Which specific lessons, do's and don'ts would you like to share? What would be suggestions for others when preparing or implementing the project in their own city?

The proposed approach relies on the enormous added value of a policy-building process based on the existing expertise and consolidated network of actors and operators: the policy process is based on real local capacities and ensures that the policy directions that are taken are anchored on the ground. This allows the work to continue, to be progressively strengthened and there is less risk of it being interrupted during periods of political transition (change of authorities, operational teams, etc.). For these strategies to work, they must be as participatory as possible. This demand for ensuring a more resilient and qualitative food system is the driving force behind the transformation of production and consumption patterns and can lead to the transformation of entire territories to meet the objective in the long-term. Cities are slowly gaining power in the role they play in the supply and consumption choices of consumers (COVID-19 having been an important trigger for this awareness). However, the work of consultation between the actors involved is very complex and far from successful in the case of Antananarivo, but it is by consolidating this network of actors with a real capacity for concrete action that the territorial model and the political model will be able to move forward together.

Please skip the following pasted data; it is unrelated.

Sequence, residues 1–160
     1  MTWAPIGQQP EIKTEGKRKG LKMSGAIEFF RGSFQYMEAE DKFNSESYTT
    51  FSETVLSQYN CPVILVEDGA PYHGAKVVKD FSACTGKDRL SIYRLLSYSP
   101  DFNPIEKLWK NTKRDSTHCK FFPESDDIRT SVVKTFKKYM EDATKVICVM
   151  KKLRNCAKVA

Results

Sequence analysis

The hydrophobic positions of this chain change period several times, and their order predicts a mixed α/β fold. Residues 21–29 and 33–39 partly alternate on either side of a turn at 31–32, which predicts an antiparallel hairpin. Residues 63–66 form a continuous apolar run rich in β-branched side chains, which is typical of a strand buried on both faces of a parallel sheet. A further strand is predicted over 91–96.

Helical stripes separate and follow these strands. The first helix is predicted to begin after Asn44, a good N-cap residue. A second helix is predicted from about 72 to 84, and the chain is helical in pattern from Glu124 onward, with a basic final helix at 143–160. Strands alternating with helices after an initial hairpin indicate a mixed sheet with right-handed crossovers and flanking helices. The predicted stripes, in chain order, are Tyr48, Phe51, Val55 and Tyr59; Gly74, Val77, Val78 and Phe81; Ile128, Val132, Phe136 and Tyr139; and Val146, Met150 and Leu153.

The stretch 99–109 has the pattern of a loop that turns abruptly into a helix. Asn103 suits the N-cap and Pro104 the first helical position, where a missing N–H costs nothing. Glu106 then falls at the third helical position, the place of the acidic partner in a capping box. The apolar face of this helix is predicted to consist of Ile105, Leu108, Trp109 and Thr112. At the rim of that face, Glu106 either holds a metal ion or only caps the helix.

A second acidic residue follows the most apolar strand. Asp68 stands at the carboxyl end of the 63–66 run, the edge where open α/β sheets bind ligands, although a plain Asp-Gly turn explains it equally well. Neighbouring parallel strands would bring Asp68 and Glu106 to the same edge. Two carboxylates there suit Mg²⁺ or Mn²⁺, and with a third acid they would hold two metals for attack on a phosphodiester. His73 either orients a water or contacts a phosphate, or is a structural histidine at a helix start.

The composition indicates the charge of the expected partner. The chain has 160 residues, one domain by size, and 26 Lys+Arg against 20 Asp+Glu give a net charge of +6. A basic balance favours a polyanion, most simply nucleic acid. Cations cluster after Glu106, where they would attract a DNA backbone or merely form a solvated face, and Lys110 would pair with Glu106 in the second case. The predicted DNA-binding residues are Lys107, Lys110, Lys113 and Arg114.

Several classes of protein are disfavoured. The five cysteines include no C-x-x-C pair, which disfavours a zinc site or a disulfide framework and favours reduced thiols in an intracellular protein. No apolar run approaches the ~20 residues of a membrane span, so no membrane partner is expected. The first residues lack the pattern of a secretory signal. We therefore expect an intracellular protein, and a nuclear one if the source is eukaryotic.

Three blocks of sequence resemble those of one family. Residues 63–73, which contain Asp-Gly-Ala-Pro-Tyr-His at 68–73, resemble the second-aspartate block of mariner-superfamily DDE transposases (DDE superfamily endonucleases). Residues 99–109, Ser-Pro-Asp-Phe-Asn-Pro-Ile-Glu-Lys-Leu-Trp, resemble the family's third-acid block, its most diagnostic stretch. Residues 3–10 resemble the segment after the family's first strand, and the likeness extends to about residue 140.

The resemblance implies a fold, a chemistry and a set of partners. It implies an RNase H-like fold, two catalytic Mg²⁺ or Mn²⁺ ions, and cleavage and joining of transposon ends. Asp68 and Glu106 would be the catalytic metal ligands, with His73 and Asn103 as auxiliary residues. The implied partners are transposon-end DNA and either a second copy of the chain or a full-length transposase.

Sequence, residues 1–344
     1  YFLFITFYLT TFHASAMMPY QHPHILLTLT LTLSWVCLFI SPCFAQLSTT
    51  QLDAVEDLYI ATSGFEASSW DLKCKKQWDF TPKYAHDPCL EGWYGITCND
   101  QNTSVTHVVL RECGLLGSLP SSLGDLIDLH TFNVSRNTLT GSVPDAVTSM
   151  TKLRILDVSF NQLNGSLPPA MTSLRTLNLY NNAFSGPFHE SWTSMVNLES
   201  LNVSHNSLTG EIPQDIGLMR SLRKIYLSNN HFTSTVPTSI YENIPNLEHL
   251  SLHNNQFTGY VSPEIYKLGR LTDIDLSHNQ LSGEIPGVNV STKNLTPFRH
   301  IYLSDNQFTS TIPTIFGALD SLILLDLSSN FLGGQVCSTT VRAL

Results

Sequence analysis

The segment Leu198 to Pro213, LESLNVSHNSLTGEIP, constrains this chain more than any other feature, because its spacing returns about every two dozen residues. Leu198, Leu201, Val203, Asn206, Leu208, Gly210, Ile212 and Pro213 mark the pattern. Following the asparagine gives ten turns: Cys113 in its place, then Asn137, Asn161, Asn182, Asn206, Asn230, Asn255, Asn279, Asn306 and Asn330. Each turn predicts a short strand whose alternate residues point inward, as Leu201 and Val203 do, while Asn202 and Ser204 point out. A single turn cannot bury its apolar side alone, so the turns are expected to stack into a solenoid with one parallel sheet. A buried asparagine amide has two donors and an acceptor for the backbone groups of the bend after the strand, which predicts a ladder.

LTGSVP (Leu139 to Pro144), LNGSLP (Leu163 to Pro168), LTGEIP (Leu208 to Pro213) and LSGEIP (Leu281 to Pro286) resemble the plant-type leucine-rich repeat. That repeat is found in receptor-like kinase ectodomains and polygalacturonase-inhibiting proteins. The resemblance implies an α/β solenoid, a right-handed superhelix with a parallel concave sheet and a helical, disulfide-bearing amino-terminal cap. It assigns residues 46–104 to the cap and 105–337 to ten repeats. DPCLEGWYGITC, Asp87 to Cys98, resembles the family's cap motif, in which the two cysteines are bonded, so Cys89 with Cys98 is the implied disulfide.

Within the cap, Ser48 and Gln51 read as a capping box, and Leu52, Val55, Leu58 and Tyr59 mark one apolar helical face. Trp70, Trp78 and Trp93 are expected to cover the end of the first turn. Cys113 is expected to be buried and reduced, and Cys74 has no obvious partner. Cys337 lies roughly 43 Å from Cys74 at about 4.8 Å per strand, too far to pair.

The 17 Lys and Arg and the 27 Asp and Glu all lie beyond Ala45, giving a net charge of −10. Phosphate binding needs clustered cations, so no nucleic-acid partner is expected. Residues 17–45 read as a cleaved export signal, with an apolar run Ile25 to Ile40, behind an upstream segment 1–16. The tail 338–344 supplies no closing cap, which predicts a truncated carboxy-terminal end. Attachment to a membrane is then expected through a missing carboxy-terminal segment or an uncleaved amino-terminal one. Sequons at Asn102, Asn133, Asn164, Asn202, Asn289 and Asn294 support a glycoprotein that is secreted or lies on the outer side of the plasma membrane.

Have others adopted, or shown interest in adopting, your idea in their own area?

FAO supports other cities in adopting the CRFS approach. For more information: